And following Deng Xiaoping's historic visit to Japan in 1978, relations between the two countries improved greatly. Japan played a key role in the take-off of the backward Chinese economy through financial assistance, corporate investments and technology transfer.
Rise of Japan-bashing
But things changed quickly after the 1989 Tiananmen Square incident, even though Japan was the first country to restore high level relations with China following the diplomatic rupture with advanced countries.
One lesson that the Chinese leadership drew from the Tiananmen Square incident was that the Communist Party needed to make greater efforts to promote nationalism to improve support for the Party. So under China's next leader, Jiang Zemin, China embarked on a massive campaign of patriotic education. Students and citizens were taught how the Communist Party was leading China's recovery from its "century of humiliation" (from the opium wars to the end of the civil war in 1949). And at the heart of this patriotic education was anti-Japanese propaganda, since Japan was the country that inflicted the most suffering on China.
But other factors weakened China's burgeoning friendship with Japan. With the end of the Cold War and the dissolution of the USSR, China and Japan lost a common enemy which had helped unite them. And with its rapid development, China increasingly believed that it had less need for Japanese aid, investment and technology. More recently, with President Xi Jinping's assertive leadership, relations have flared up over the disputed Senkaku Islands (Diaoyu in Chinese).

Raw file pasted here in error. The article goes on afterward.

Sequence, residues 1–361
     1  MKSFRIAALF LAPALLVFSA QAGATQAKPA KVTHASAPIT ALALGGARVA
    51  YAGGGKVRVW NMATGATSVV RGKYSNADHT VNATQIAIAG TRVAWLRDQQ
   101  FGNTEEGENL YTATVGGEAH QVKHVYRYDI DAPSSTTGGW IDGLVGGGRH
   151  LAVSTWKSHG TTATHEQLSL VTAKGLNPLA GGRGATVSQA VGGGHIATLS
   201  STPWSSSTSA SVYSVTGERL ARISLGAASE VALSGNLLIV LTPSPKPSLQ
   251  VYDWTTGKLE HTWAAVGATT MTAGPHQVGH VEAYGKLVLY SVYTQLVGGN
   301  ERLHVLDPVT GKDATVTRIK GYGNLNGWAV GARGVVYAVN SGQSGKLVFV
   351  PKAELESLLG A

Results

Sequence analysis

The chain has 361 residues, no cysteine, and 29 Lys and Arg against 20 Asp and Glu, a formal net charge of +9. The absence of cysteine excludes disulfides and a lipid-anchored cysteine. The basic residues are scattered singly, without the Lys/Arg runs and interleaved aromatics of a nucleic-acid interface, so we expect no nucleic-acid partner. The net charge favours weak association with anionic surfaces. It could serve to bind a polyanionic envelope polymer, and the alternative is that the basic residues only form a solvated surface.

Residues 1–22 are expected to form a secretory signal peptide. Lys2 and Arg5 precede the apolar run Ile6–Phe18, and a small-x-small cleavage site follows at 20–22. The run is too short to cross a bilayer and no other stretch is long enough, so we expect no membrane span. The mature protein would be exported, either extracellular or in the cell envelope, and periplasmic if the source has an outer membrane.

The official anti-Japanese campaign has left deep scars, as academic Minxin Pei has argued:
"Chinese state media and history textbooks have fed the younger generation such a diet of distorted, jingoistic facts, outright lies, and nationalistic myths that it is easy to provoke anti-Western or anti-Japanese sentiments".
What hope for the future?
Is there any hope that China and Japan could bury the hatchet and have friendly relations?
It is very difficult to see a positive way out in the immediate future, even though it is ultimately in the interests of both countries to have good relations. The Chinese government has invested so much political energy in its anti-Japan propaganda that it would be difficult for it to back down. With its shaky economy and obvious political fragility, we are likely to see more, not less, Chinese nationalism. And China's anti-Japan propaganda has also emboldened Japan's right wing, which seeks to minimize Japanese wartime atrocities. It is also fostering "apology fatigue", especially among Japanese citizens born after the war.
Over the past year, there has been some softening of the rhetoric between the two countries. They realize the unfortunate economic costs of the "war of words", especially as Japanese investment in China has fallen dramatically over the past two years. Both leaders have met at international events. And there is now even talk of Shinzo Abe making an official visit to China.
But it will likely require generational change in both countries, and democracy and freedom of the press in China, for real reconciliation to ever take place between the two countries. As this will take a very long time, Asian neighbors and indeed the whole world must stay prepared for Northeast Asia remaining one of the world's political hotspots.
- Can China and Japan return to the '80s? Ezra Vogel. Nikkei Asian Review, February 14, 2014.
- Ezra Vogel says disputes over wartime history are key factor behind Northeast Asia friction. Lisa Griswold. Stanford FSI, April 9, 2014.
- Anti-Japan propaganda has handcuffed Beijing BY FRANK CHING. Japan Times, January 28, 2013.
- Everything You Think You Know About China Is Wrong. Minxin Pei. Foreign Policy, August 29, 2012.